September 23, 2015 | Tiffany High
No one strives to have poor health. All people desire to eat well, get the proper amount of rest, and squeeze in enough physical activity to stay in good shape. It is an instinctual aspiration to do everything within our power to live a long, healthy life. But what if there were factors beyond your control working to undermine all of that?
A person can do the best they can to take care of themselves, but still live in an environment that is killing them slowly. Prolonged exposure to things like mold, household pests, poor air quality, or even chronic stress often leads to serious health issues like asthma, cancer and heart disease. It is no coincidence that these are the health issues disproportionately affecting poor minorities.
Neighborhoods like New York City’s South Bronx have been historically plagued by environmental dangers. It is literally the City’s “dumping ground”. Bordered by four major highways, it is home to fossil fuel power plants, a disproportionate amount of the City’s waste transfer stations, one of the City’s largest sewage treatment facilities, a FedEx shipping hub, and the combined printing and distribution center for both the Wall Street Journal and New York Post – not to mention air pollution from the 15,000 diesel trucks that frequent Hunts Point Cooperative Market, the largest food distribution center in the country.
It should come as no surprise that this country takes advantage of communities that lack the knowledge, resources or political clout to combat such impositions. Affluent communities are represented by educated men and women who have access to the necessary time and finances required to fight against environmental burdens. Disadvantaged neighborhoods, crowded with residents more concerned with everyday survival than a power plant next door, become easy targets for toxic dumping practices. Ten years ago, the Associated Press uncovered government research indicating “black Americans are 79 percent more likely than whites to live in neighborhoods where industrial pollution is suspected of posing the greatest health danger”, however, almost nothing has been done to reverse or reduce this disturbing statistic.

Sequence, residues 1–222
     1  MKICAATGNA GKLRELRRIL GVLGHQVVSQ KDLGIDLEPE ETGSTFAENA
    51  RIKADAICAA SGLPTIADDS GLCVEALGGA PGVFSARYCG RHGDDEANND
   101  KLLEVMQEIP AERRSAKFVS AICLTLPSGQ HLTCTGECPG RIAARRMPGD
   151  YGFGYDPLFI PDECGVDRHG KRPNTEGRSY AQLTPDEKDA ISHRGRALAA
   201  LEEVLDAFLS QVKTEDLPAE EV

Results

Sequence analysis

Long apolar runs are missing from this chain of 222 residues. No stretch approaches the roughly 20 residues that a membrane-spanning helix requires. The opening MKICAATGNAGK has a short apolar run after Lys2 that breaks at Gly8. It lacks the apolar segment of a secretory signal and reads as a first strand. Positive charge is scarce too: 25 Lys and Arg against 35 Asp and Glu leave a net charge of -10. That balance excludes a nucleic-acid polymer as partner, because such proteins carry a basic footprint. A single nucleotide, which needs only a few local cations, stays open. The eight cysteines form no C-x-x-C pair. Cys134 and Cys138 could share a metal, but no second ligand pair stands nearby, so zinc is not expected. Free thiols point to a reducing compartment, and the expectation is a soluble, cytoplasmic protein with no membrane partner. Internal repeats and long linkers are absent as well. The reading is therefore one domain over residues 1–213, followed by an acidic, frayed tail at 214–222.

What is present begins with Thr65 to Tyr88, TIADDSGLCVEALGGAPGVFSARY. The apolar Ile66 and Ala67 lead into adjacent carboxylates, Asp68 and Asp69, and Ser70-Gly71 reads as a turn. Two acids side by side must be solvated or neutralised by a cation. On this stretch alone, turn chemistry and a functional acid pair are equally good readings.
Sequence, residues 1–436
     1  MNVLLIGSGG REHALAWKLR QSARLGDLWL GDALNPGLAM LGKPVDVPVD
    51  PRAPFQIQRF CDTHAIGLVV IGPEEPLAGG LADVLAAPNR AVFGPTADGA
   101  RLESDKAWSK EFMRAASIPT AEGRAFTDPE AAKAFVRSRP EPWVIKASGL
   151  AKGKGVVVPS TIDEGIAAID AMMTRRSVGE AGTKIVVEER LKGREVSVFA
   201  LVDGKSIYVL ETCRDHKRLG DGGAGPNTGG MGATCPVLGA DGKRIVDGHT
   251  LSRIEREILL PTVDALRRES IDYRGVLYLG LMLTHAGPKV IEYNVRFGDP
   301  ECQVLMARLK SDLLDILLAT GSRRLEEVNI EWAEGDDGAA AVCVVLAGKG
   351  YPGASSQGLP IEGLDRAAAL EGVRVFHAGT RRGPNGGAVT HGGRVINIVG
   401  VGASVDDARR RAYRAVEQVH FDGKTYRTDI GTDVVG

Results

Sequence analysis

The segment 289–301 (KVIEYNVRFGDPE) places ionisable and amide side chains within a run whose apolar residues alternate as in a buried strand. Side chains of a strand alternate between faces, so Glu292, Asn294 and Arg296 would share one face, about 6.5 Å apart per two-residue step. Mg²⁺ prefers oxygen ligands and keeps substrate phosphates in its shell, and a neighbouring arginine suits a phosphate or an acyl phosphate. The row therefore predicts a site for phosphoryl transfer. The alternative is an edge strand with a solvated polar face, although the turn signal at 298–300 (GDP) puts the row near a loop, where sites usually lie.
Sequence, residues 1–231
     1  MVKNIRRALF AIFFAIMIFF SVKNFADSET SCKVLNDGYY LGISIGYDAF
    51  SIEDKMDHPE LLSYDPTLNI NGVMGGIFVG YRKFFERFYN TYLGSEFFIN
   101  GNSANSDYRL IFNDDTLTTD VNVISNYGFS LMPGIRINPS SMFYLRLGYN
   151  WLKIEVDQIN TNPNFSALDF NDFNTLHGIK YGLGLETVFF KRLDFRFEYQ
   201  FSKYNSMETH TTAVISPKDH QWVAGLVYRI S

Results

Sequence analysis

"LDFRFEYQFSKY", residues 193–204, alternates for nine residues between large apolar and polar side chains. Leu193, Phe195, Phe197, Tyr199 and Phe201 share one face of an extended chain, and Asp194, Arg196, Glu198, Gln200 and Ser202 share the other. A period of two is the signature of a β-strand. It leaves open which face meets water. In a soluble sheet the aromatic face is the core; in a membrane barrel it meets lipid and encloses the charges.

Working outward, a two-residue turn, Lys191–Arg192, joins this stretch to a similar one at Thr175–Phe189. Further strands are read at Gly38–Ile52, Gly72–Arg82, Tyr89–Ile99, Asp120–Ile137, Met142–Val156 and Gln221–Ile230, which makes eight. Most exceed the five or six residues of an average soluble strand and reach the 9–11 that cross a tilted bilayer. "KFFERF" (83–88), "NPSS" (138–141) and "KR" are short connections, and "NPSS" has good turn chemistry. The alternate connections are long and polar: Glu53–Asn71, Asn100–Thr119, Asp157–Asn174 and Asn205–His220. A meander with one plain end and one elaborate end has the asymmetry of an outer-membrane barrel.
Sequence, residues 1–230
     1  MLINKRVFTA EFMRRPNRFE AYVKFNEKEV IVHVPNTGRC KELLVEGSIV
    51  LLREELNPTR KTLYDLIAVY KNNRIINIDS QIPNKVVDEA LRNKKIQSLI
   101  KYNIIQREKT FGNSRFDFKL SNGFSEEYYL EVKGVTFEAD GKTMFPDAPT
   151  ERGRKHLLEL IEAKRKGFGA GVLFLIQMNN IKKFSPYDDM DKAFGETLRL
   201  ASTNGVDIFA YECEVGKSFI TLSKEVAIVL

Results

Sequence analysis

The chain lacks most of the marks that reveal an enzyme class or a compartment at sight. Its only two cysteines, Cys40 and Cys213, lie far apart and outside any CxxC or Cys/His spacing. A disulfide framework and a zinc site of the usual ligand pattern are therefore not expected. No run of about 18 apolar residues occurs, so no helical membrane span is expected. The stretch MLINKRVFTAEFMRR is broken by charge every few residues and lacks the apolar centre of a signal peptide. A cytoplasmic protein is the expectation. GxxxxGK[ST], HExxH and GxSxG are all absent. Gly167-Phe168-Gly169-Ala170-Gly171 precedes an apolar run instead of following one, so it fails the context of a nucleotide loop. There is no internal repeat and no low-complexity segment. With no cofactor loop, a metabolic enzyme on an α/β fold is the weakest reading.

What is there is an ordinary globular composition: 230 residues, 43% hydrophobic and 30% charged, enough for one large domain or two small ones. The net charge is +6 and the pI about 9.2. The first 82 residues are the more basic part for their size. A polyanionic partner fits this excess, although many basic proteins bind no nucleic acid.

One in four children in the South Bronx suffer from asthma – that’s eight times the national average.
There is an entire generation of Americans being unnecessarily exposed to illnesses caused by environmental factors that will keep them out of school, limit their outdoor play, and eventually, affect their ability to contribute positively to their communities.
The impact of the recent Legionnaire’s Disease outbreak is not a solitary problem, but a crisis that illustrates the social determinants influencing an entire community’s health. The urgency of this issue cannot be marginalized. One in four children in the South Bronx suffer from asthma – that’s eight times the national average. These children typically miss a lot of school and have difficulty keeping up, which often leads to steep drop-out rates. Limited outdoor play and decreased physical activity contribute to childhood obesity. With the prospect of increasingly unhealthy and potentially undereducated youth, it is clear how this kind of suffering can be perpetuated for generations – keeping vulnerable populations vulnerable – for years to come.
The question is no longer “Is this a problem?”, but “What are we going to do about it?” Let’s hope the answer can be found before yet another generation of children is forced to grow up fighting impossible odds.
UPDATE: Why the Legionnaire’s outbreak was more than just bad luck. . .
A second Legionnaire’s disease cluster has developed in the Bronx. As of October 2, there were 13 documented cases including one person who has died.
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